specialist for more specific medical issues. You can see a health care provider
outside the POS network, but often with a deductible and a higher co-payment.

Indemnity Insurance Plans
An indemnity health insurance plan is very much different from a managed care
plan in that you are allowed to choose any doctor at any hospital. But, you’ll pay
a higher price for the increased flexibility.

Indemnity plans often have a deductible that must be met before the health insurance provider covers any
expenses. After the deductible has been met, the insurance provider will pay a certain percentage of
medical expenses and you’ll be responsible for the remainder.

Preventative services, like routine checkups, might not be covered under an indemnity plan.

Health Savings Accounts
A Health Savings Account or HSA is a special savings account that individuals can use to pay for
medical expenses (not medical debts). You choose, control, and contribute to your HSA.

As of 2009, you can contribute a maximum of $3,000 if you have an individual plan and $5,950 if you
have a family plan. You can take a tax deduction for post-tax funds that are contributed to an HSA.

If you currently have a High Deductible Health Plan (HDHP) you qualify for an HSA. To qualify for an HSA
in 2009, your HDHP deductibles must be a minimum of $1,150 for individuals and $2,300 for families.

You can establish an HSA at a bank, credit union, or through your insurance provider.

Choosing a Health Insurance Plan
When you’re choosing a family health insurance plan, you should pick the plan that will provide you with
the most complete coverage for your family’s medical needs, but at the lowest out-of-pocket expense.

If you seldom visit the doctor – like once or twice a year or less – an HDHP along with a HSA is a good
option. A high deductible insurance plan has a lower monthly premium. Put the money you save on your
premium into an HSA and pull from the HSA to cover your medical expenses up to your deductible.

Many people already have doctors that they love. If that doctor isn’t in your insurance’s network, you’re
not willing to switch physicians, and you can afford the extra costs, an indemnity plan might be a better
option.

When your preferred doctor is in your insurance’s network, you’re not likely to need services from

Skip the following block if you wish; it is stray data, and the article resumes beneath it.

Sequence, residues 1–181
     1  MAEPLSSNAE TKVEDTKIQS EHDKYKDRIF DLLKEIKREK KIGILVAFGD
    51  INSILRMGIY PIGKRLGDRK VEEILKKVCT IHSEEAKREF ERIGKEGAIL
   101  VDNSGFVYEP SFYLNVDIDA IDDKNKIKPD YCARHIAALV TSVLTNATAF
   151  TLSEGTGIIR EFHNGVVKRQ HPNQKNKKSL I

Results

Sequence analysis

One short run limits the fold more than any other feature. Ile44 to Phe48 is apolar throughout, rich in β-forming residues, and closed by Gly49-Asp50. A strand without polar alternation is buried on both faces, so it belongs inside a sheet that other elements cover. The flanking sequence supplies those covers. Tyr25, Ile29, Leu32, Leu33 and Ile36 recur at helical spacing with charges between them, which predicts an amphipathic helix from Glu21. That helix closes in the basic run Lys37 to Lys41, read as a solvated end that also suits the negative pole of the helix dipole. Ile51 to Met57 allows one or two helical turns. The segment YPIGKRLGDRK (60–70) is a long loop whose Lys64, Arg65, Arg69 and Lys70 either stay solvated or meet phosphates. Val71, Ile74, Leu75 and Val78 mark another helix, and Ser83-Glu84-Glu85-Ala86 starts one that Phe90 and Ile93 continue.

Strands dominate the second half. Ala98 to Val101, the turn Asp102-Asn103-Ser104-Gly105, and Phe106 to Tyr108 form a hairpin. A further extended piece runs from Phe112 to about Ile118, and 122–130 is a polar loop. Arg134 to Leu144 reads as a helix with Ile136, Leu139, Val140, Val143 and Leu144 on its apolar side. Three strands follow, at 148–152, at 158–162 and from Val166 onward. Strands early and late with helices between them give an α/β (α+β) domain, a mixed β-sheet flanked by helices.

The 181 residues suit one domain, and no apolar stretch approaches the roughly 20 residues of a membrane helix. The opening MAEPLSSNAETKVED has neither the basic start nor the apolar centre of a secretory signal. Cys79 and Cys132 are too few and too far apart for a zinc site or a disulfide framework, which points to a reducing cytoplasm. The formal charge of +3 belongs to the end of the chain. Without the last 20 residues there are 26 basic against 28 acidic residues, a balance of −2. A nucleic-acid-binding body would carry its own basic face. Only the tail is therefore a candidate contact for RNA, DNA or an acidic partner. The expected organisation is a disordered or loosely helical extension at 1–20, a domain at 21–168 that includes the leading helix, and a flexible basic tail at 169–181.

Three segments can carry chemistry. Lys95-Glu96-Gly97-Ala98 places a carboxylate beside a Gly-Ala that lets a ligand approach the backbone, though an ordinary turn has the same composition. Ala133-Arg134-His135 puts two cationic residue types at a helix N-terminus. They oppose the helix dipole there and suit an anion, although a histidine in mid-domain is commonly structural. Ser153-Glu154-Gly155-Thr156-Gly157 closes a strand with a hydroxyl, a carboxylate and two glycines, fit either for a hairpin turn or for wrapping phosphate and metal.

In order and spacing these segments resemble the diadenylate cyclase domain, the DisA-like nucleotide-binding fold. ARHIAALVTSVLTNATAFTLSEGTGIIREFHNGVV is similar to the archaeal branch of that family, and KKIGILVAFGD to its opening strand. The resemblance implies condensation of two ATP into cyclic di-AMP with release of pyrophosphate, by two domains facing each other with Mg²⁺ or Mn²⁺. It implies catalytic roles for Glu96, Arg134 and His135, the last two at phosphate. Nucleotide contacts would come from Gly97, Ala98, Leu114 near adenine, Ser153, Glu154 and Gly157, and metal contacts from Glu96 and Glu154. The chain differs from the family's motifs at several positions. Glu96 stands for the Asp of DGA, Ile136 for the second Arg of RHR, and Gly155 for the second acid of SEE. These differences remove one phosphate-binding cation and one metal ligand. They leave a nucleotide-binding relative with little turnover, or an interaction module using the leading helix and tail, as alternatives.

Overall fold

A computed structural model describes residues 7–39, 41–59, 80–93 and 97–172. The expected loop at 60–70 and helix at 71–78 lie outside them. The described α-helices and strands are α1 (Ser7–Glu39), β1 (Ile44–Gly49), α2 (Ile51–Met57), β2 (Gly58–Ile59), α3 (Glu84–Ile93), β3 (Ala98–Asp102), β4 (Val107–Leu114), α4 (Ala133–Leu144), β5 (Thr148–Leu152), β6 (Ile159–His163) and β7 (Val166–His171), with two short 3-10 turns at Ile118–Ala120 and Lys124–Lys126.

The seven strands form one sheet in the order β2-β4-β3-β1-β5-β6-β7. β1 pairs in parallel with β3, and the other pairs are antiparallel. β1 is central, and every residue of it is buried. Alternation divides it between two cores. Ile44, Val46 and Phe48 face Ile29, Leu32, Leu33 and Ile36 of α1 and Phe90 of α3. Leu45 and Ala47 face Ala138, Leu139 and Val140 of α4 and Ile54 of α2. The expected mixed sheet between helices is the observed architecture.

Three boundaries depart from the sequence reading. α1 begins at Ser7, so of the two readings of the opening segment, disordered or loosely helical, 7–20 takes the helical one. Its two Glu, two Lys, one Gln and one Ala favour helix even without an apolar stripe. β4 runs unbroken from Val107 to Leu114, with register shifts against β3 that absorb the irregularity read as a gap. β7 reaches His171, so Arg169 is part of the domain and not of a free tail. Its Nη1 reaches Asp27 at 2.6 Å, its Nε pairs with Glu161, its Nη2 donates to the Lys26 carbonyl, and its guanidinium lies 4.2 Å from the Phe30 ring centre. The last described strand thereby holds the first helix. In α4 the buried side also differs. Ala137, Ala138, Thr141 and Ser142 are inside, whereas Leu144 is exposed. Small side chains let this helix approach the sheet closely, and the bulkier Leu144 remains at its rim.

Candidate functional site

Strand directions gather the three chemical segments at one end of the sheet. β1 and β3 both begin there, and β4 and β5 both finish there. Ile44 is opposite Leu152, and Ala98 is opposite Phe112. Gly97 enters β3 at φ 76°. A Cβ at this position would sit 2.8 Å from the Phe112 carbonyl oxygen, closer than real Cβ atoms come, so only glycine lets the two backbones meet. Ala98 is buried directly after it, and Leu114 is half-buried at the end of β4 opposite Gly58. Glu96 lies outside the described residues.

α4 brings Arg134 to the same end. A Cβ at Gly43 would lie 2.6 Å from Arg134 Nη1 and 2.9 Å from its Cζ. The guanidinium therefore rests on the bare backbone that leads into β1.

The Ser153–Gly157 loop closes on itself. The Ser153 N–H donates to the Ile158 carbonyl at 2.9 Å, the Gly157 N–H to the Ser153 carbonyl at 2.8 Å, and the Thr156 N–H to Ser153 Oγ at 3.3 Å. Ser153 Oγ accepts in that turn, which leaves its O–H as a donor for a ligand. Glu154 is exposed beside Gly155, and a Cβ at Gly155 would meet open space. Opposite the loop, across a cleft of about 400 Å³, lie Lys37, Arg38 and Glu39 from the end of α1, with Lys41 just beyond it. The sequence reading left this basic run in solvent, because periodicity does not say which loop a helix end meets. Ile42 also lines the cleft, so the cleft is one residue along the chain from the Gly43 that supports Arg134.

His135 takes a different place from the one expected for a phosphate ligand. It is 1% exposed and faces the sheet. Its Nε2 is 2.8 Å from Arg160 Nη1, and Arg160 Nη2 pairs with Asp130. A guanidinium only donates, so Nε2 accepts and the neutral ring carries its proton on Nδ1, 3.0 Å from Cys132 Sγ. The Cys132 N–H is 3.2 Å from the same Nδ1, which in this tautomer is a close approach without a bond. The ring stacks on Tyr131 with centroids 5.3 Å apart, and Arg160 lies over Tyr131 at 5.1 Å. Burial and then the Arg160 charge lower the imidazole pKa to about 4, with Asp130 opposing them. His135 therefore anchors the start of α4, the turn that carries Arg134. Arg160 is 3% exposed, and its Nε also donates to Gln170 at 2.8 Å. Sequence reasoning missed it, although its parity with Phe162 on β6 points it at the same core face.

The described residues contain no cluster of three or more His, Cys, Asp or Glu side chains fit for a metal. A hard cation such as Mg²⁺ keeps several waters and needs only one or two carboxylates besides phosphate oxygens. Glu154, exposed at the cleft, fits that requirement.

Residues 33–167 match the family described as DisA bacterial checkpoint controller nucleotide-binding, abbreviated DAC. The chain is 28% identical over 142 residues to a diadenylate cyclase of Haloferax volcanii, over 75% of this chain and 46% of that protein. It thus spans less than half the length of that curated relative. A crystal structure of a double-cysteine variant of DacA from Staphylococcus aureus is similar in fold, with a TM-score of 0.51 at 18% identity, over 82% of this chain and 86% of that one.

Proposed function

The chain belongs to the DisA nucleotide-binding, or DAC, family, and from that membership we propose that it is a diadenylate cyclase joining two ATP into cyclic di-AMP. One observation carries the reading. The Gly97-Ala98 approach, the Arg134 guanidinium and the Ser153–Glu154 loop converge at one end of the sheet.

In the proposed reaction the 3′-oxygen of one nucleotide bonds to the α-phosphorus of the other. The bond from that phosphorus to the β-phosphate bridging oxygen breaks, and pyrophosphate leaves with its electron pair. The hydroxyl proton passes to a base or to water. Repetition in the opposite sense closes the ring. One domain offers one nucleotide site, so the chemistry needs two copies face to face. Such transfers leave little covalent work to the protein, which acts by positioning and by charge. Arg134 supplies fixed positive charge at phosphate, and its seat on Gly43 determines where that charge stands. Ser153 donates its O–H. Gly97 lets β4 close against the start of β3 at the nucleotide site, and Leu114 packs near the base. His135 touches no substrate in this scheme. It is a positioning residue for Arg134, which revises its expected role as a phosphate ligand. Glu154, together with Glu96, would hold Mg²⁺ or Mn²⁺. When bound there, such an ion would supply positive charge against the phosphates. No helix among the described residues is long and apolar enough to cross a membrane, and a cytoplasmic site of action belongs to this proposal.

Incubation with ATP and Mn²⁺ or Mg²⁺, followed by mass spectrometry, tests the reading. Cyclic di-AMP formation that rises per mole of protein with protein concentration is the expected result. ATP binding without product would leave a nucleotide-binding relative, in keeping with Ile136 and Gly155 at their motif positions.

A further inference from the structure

physicians outside the network, and you don’t mind getting referrals for specialists, an HMO is a good
choice. You’ll have lower out-of-cost expenses.

Tax Benefits
As you shop around for a health care plan, consider the tax benefits. If you itemize your deductions, you
can deduct medical expenses that exceed 7.5% of your adjusted gross income. Self-employed
individuals that have a net profit can deduct 100% of their health insurance premiums and other medical
expenses.

Lifestyle Influences
Some lifestyle choices may influence your health care costs. For example, some employers may require
smokers to pay higher health insurance premiums than nonsmokers. The reason is because smokers
tend to have more insurance claims than nonsmokers, driving up the cost of health insurance for
everyone, according to a 2006 article by
Fredericksburg.com.

It’s no secret that more than half the U.S. population today is either overweight or obese. What people
might not realize is that being overweight incurs far more medical expenses. In The Economics of
Obesity, authors Jay Bhattacharya of Stanford University and Neeraj Sood of Rand reveal that because
of the chronic illnesses that the obese face – stroke, heart failure, diabetes, and hypertension – their
medical costs end up being $10,000 more than the non-obese.

Shopping For a Free Health Insurance Quote
Shopping around for a free health insurance quote is much easier when you use the internet.

Many state governments have websites with information about insurance companies that provide service
in that state. To see if your state has a website like this do a search for your state’s name + health
insurance, for example “Florida Health Insurance.” Look for a website that ends in .gov.

It pays to compare multiple health insurance quotes. By comparing health insurance quotes from multiple
providers you'll end up with the most competitive health insurance rates. Always go with high quality
health insurers, as you'll want them to be around and provide good service when needed.